An Interview with the Greatest Living Path-Finder
He Talks of His Recent Experiences Among the Mountains
His Condemnation of the Scoundrel, Burningham, Who Has Tried to Ruin His Reputation
"That's Him—that's Jack," we heard a man say to his companion on the street yesterday, and turning we beheld a man dressed in the costume of the trapper and hunter, and sure enough, before us stood
Directly afterwards he was playing billiards in the Bristol House, and as he finished his game and turned away, a SUNDAY NEWS man said to him,
"Jack, I would like to talk with you a moment."
"Certainly, sir," politely said the scout in the most pleasant of voices; and after a few words of off-talk by both parties, in reply to a question, he said:
"Yes, I was on the plains and among the mountains until six weeks ago. It was the hardest siege I ever knew or experienced. We were eighty days in the mountains without seeing the face of white or red man."
"You must have lost your reckoning of the news of the outside world pretty well during that time?"
"Yes, sir, I did. I knew nothing of the great strikes and the railroad troubles. My business was as a guide for Captain S. B. Bailey and party, and we had a great deal of hardships and adventure.
Mountain life is none of the easiest I tell you; but I saw my party safe through, and then came on east, first telegraphing my wife that I was not killed as had been reported."
"There has been some slanderous stories told of you, Mr. Omohundro, I understand."
"Yes; a sneaking coward named Burningham wrote up a pack of lies for the Sioux City Times in which he accused me of cowardice before the Indians; said I was no scout, and did not know the country as I professed. Then some enemy of mine caused the same story to be published in the New York Sun."
"That was a dastardly trick."
"Indeed it was," said Jack. "It was done to ruin my reputation as a guide, and then injure me before the people to the advantage of would-be rivals.
"This man Burningham is an English renegade who dare not set his face in his own country, and certainly dare not set it before me after telling his lies; yet I shall meet him some day, and that is what I have sent word to him. He was on the trip with us, and while out, several times, I had occasion to treat him pretty rough, and to talk hard to him. Since we have come back he has made up a plan to ruin me.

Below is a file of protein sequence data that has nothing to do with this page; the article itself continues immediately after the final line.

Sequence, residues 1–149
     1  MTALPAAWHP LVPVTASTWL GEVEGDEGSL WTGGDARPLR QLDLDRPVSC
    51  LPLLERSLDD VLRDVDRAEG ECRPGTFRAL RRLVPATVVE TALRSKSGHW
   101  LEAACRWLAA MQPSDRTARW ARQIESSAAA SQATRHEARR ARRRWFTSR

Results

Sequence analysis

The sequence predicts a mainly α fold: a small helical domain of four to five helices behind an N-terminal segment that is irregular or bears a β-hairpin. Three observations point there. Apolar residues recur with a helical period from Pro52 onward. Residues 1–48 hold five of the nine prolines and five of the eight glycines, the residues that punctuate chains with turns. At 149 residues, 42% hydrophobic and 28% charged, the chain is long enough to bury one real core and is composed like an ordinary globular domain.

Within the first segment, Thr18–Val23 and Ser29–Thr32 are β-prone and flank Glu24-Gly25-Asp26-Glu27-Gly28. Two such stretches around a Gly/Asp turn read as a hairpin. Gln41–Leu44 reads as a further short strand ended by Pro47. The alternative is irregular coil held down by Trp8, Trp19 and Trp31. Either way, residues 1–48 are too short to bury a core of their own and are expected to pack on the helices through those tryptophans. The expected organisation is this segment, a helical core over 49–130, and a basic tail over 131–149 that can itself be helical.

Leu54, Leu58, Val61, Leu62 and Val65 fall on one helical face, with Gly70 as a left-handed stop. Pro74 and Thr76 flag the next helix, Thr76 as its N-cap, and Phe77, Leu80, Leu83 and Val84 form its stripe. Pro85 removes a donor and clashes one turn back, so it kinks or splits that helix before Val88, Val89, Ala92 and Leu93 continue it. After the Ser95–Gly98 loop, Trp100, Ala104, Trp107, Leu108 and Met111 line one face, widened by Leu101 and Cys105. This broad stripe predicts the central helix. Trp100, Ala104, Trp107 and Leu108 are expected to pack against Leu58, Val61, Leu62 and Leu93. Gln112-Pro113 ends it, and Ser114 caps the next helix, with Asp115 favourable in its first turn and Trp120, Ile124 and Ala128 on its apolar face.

"Every season I act as guide for parties from the old country, as they have faith in my knowledge of border life. This renegade thought if he could injure my reputation, he could palm himself off as a scout and guide and take my place at the head of these parties."
"A foolish idea, we should say, Mr. Omohundro."
"Decidedly so. It was just such a man as this that murdered my companion Wild Bill."
"That was a cowardly and brutal murder, wasn't it?"
"Indeed it was. Yet all of us border men are continually in such danger. It is only a question of time when we must yield to the common fate."
"And that is—"
"To become the marks of some cowardly bullet, or die like men while obeying duty's command."
And much more Texas Jack told us that we have not space nor time this morning to tell you.
Indeed, what we have told above is only in substance part of what he said. Were we to say it was his exact language, we should expect our scalp to hang at his belt before night.
Texas Jack's word is law. He looks you square in the eye when he speaks to you, and never lies or prevaricates. He is gentle as a woman in his manners, and full as polite.
Next week the readers of the SUNDAY NEWS will have a treat in a further description of this remarkable scout, and of some of the wonderful feats he has accomplished and can accomplish.
Texas Jack is not a newspaper hero; he is a specimen of the true trapper and scout—one of the few who yet remain of a truly American character which is rapidly passing away.